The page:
There’s still hope for legalizing marijuana

 In Legalization, Local News, Politics, Recreational Marijuana

It was a bit of a buzz kill when Vermont’s House Judiciary Committee missed a key deadline last week on a bill that would legalize small amounts of marijuana for recreational use.

Fortunately, H.170 was granted an extension, approved by the committee on Wednesday, and now heads to the House floor for a vote.

The legislation would remove all civil and criminal penalties for adult possession of up to an ounce of pot. It also would allow Vermonters to have up to two mature marijuana plants and four immature plants. Under current law, possession of up to an ounce is punishable by a civil fine.

Some say the proposed bill doesn’t go far enough because it does not create a regulated market involving legal sales and taxation. Rep. Janssen Willhoit, R-St. Johnsbury, raised concerns that without a regulated system, Vermonters would have to either grow it themselves or go to the black market.

Perhaps that’s true for northern Vermonters, but here in Windham County all they would have to do is drive a few miles down the road into Massachusetts, where marijuana was legalized last year. It won’t be long before retailers start selling it just across our border. The concern here is over the loss of all that potential business and tax dollars to our southern neighbors. Our retailers already feel the pain of our proximity to tax-free New Hampshire to the east.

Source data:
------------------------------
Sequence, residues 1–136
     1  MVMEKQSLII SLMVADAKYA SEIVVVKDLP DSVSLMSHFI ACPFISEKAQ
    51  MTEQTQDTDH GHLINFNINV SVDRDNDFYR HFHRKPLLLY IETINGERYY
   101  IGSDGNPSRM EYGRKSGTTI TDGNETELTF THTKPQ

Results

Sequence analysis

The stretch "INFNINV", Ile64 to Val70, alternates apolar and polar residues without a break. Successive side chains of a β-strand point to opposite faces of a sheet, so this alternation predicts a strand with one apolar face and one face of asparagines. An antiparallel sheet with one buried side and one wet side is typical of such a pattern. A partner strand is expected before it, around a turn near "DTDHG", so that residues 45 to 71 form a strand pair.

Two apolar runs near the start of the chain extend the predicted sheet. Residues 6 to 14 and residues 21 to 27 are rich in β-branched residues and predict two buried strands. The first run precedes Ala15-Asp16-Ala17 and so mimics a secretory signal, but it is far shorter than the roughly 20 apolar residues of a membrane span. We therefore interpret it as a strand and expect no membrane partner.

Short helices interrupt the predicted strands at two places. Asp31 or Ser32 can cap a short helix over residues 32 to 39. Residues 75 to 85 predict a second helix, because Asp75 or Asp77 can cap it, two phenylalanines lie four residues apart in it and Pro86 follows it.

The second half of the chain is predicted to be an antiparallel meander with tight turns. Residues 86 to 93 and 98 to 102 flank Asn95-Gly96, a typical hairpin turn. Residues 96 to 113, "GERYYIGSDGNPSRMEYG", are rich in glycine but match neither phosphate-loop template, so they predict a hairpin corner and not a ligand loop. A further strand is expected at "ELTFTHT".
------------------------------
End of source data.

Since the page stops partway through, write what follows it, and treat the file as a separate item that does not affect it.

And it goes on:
That’s not to say that marijuana should be legalized solely for business and tax purposes, of course. We have argued extensively on this page that legalization is long over due from a criminal justice standpoint. Studies have long debunked the myth that marijuana is in league with or a gateway to more serious drugs like heroin, which has become the real scourge on our communities. It would be better to use our limited law enforcement resources and prison space on the hardcore heroin dealers.

An effort to create a fully regulated marijuana market in Vermont failed in the last legislative session because many preferred a go-slow approach to see how legalization is fairing in other states. And, with a new president in the White House there’s still the uncertainly over the future of the federal government’s stance on marijuana legalization.


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